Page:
On the other hand, consolidation of Ti2SnC at a pressure of 100 MPa from the same raw powder mixture of 2 : 1 : 0.2 : 1 for Ti : Sn : Al : C was also conducted for comparison with that by PL-SPS. As shown in Figure 5, before the sintering temperature increased near 1400°C (about 1370°C), the graphite die was found to be broken in the SPS furnace, which could be attributed to the release of liquid Sn impurity from the decomposition of Ti2SnC, and the as-obtained sample was identified to be composed by Sn as well as Ti6Sn5 and TiC, inducing the extremely lower content of Ti2SnC [30]. Such comparison validates PL-SPS as more competitive compared with SPS for synthesis of Ti2SnC powders. Compared to conventional pressureless sintering for Ti2SnC MAX phase, pressureless spark plasma sintering (PL-SPS) has the merits of short sintering time at almost 10 minutes and rapid temperature increasing/decreasing rate (100°C/min). By optimization of the experimental parameters, this method is quite available for fabrication of high purity MAX powders with a low cost and high efficiency.

3.3. Reaction Mechanism

Vincent et al. have studied the stability of Ti2SnC in Al liquid and found that Ti2SnC tended to be decomposed completely according to the following formula at a temperature above 1000°C [31]:

However, it should be noticed that the addition of minor Al also facilitates the formation of highly pure Ti2SnC by PL-SPS in our present study, which is an interesting phenomenon that needs explanation. The reason is that Al decreases the residual impurities, which will be elaborated as follows.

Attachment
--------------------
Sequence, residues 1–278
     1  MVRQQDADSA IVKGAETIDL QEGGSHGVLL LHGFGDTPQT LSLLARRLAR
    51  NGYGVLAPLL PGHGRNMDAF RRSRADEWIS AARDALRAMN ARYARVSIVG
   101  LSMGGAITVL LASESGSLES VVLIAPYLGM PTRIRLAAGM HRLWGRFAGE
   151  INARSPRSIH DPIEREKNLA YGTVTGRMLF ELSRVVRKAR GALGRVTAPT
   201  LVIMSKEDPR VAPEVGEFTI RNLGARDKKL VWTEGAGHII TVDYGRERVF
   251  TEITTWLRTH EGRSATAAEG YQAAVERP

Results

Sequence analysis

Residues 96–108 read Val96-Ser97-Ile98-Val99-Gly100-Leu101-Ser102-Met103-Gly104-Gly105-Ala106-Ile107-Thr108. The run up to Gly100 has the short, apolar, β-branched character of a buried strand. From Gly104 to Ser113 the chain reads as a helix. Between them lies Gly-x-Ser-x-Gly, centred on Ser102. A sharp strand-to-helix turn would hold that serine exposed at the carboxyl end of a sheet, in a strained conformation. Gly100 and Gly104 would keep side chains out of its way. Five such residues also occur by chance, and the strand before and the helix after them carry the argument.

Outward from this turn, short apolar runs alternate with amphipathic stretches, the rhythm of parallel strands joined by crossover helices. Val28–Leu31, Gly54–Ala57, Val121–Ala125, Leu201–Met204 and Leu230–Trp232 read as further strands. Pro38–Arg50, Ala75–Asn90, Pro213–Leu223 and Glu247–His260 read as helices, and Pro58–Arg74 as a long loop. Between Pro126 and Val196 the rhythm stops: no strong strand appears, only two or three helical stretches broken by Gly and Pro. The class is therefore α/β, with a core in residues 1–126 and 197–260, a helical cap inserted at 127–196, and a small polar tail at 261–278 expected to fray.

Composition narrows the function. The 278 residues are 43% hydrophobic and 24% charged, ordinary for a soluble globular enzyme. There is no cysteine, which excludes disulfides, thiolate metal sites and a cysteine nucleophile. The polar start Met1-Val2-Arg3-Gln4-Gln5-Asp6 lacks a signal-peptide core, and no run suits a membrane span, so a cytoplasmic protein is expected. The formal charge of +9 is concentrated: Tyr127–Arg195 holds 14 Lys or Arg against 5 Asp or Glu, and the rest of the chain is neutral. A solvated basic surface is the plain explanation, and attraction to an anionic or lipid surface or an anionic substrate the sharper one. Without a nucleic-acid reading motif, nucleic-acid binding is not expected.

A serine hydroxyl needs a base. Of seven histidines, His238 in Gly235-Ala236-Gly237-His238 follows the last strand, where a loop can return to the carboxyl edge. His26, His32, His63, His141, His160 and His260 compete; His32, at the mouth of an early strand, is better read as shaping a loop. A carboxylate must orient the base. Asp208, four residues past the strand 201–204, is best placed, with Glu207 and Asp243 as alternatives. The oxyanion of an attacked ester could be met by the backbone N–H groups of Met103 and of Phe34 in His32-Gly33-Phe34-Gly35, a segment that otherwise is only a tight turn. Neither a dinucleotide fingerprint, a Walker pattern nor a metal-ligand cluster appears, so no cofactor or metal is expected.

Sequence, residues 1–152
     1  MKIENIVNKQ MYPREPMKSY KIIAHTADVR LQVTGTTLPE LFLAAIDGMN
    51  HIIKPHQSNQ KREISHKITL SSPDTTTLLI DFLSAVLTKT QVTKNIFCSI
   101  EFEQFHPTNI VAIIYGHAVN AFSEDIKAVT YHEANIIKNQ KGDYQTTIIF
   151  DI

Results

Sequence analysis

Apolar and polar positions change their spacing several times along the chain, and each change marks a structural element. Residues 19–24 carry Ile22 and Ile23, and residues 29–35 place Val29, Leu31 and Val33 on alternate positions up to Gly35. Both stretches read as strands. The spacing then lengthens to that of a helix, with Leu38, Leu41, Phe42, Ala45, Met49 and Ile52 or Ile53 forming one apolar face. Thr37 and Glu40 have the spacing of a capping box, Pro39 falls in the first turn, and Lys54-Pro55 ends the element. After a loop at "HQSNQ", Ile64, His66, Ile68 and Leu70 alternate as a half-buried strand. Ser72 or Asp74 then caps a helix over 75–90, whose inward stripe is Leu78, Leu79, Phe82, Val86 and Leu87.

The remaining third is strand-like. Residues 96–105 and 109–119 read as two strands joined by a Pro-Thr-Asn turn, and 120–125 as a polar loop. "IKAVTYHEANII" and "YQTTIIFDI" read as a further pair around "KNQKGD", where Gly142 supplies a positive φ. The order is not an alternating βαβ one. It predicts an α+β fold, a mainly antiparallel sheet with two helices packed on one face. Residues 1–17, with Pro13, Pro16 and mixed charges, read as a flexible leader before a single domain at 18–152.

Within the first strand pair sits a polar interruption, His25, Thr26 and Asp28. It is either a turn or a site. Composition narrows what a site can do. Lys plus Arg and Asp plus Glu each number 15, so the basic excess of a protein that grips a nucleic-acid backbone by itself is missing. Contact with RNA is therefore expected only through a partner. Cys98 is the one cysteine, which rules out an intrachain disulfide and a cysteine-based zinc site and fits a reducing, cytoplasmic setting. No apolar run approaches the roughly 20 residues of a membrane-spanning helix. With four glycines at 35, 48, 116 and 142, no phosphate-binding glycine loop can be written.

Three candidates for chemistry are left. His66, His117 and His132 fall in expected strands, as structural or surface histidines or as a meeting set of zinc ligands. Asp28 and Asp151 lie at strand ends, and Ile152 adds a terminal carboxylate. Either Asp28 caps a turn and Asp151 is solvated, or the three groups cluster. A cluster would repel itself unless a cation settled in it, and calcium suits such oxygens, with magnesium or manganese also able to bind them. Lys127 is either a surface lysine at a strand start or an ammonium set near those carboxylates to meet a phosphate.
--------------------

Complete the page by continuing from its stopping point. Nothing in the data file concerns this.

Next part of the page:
The optimized powder mixture of 2 : 1 : 0.2 : 1 for Ti : Sn : Al : C was sintered at 800°C to 1300°C to declare the formation mechanism by SPS, and the XRD patterns of as-obtained samples are shown in Figure 6. At 800°C, Ti6Sn5 appeared in XRD results and then decreased continuously with increasing temperature and turned to Ti5Sn3 at 1000°C due to the reaction with Ti. The XRD patterns of Ti3Al also appear at about 1000°C. It is astonishing that the target product Ti2SnC started to appear at a low temperature of 1000°C, accompanied by Ti5Sn3, Sn, and TiC. Figure 7 shows the TG-DSC-DTG curve of Ti2SnC with ratio Ti : Sn : Al : C = 2 : 1 : 0.2 : 1 heated at a rate of 10°C/min from room temperature to 1200°C. The sharp endothermic peak at 230°C corresponds to the melting of Sn. The other exothermic peak was observed at 560°C, 800°C, and 950°C clarify the reaction route of the Ti/Sn/C system.

In consideration of the results by Li et al. [15] and the present work, and combined with the figure diagram (Figure 8) [32], the possible reaction routes are proposed as follows: